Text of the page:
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FDA pushes virtual clinical trials during coronavirus outbreak

March 18, 2020, 6:53 PM UTC

This is the web version of Brainstorm Health Daily, Fortune’s daily newsletter on the top health care news. To get it delivered daily to your in-box, sign up here.

Happy Wednesday, readers.

I want to start off with an announcement: Our 2020 Fortune Brainstorm Health conference, which was scheduled for April, has been postponed.

This was a difficult but necessary decision given the realities of the coronavirus outbreak and the advice of public health officials. We will still be holding a virtual and interactive gathering of the greatest minds in health care on July 7 and reconvening in California in April 2021. If you had already registered and want more information, head over here.

It’s just another example of how this situation is upending our daily lives (and will continue to for many months). Here’s another: The Food and Drug Administration (FDA) has now issued guidance that certain clinical trials be conducted virtually.

The agency noted that a combination of factors could significantly hamper clinical trials for a drug. For instance, the supply chain for an experimental treatment may be affected by the outbreak, hampering manufacturing capacity; a study participant may actually become sick with COVID-19; quarantines may be in effect in certain hot zones.

In a situation like that, the FDA says clinical researchers should consider following up with trial participants virtually or via phone, particularly for safety monitoring of patients who may not be able to go to the site where a study was being conducted or have access to an experimental treatment.

This is part of a broader wave of government and health officials urging virtual doctor (not to mention social) visits during this time.

Read on for the day’s news.

Sy Mukherjee
sayak.mukherjee@fortune.com
@the_sy_guy

DIGITAL HEALTH

Hackers capitalize on the coronavirus crisis. When there's a crisis, there's a conman. The COVID-19 outbreak is no different. My colleague David Z. Morris reports the multiple nations have been hit with coronavirus-related phishing scams, which can be particularly effective in a pandemic situation and as people are hunkered down in their homes. This is per research from the cybersecurity firm Nocturnus, which also found that there's been instances of coronavirus-related ransomware that forces users to pay hackers money in order to unlock their computers' hard drives. (Fortune)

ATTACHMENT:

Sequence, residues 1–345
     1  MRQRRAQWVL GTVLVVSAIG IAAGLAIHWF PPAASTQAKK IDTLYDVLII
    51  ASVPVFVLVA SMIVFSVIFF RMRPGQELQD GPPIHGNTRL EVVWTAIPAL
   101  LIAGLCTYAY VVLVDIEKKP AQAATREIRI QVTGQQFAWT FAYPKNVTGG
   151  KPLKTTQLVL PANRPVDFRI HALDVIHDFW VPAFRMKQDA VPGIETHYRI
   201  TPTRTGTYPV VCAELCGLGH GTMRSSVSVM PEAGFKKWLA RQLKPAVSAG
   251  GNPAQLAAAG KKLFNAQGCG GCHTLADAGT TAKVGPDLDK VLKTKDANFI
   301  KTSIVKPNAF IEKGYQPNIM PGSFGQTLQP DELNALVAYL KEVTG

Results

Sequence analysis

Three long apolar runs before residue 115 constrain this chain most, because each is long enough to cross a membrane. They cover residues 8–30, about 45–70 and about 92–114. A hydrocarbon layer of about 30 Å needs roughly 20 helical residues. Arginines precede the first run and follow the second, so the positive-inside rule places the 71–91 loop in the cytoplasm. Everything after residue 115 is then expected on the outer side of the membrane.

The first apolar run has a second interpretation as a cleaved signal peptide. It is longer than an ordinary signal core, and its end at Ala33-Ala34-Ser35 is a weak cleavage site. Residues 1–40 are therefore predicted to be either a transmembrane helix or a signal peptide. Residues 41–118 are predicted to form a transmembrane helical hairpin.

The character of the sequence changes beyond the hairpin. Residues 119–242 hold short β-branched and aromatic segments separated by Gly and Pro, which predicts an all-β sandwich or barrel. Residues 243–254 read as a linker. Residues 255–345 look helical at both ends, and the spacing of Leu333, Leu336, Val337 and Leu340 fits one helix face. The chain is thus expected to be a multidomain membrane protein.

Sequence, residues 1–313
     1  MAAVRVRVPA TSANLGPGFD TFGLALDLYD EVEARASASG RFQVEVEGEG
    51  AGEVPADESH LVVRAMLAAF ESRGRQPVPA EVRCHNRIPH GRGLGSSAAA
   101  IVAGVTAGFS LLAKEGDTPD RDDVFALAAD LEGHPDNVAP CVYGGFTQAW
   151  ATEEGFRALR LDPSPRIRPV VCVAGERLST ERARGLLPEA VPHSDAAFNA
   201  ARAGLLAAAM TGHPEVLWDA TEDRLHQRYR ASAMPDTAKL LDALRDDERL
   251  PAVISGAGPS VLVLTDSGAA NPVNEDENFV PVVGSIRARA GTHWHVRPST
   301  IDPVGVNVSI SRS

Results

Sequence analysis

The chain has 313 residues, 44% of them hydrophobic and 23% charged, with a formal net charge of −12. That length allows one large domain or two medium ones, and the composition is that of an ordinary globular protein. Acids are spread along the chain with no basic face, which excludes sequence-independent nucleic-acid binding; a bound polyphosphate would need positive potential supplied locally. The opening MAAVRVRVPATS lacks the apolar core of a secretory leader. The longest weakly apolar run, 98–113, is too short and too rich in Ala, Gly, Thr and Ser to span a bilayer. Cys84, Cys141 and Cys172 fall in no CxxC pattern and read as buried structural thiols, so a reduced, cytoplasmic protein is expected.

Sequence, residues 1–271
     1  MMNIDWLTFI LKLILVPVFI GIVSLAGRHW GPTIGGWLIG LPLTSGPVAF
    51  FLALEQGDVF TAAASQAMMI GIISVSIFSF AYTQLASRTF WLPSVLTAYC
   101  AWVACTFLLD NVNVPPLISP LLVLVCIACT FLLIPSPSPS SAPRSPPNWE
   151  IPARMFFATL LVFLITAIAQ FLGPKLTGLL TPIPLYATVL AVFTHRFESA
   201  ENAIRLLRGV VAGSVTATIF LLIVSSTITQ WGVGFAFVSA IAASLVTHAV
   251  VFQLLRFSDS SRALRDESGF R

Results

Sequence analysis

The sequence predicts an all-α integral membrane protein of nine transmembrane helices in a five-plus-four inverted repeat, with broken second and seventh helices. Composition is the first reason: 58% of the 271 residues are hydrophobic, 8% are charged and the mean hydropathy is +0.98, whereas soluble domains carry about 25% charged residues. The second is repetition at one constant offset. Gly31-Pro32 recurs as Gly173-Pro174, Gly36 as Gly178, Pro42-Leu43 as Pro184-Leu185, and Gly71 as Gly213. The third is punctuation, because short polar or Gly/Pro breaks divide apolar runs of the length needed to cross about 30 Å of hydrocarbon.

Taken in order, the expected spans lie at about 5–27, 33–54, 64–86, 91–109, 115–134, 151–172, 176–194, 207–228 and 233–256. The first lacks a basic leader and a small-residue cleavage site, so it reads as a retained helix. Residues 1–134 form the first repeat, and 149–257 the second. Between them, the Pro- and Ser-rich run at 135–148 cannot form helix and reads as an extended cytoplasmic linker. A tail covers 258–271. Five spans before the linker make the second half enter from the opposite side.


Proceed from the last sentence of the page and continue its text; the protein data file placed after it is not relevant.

INDICATIONS

Illumina partners with IDbyDNA to sequence infectious diseases. Genomic sequencing giant Illumina is teaming up with IDbyDNA to market a platform called "Explify." This particular technology can sniff out thousands of pathogens from environmental samples and, as you might suspect, the partnership was fueled by a desire to expand coronavirus surveillance options. It will also center on stepping up laboratory capacity to test for infectious diseases. (FierceBiotech)

THE BIG PICTURE

How hard will coronavirus hit the economy? Some economists are warning that the economic toll from the coronavirus could get significantly worse in the coming months, including as many as one million lost jobs in March alone. But others are more cautious, predicting that employers won't be eager to slash their workforces if the situation proves more fleeting. Economic indicators certainly aren't great at this point(Fortune)

What hospitals want from the stimulus bill. As Congress debates yet another bill to assist in the coronavirus fight—this time tailored specifically for the need of hospitals and healthcare workers—the medical community has a wish list. Some of the largest hospital trade groups in the country are requesting a variety of relief measures including a pause on cuts to Medicare reimbursement rates, more protective gear for health workers, child care support for medical staff with children, and more. (ModernHealthcare)

REQUIRED READING

This crucial measure indicates stocks are nearing buy territoryby Shawn Tully

Business is finally starting to reckon with climate changeby Brian O'Keefe

The global crisis in recyclingby Vivienne Walt

Hong Kong dangles incentives for local face mask productionby Eamon Barrett

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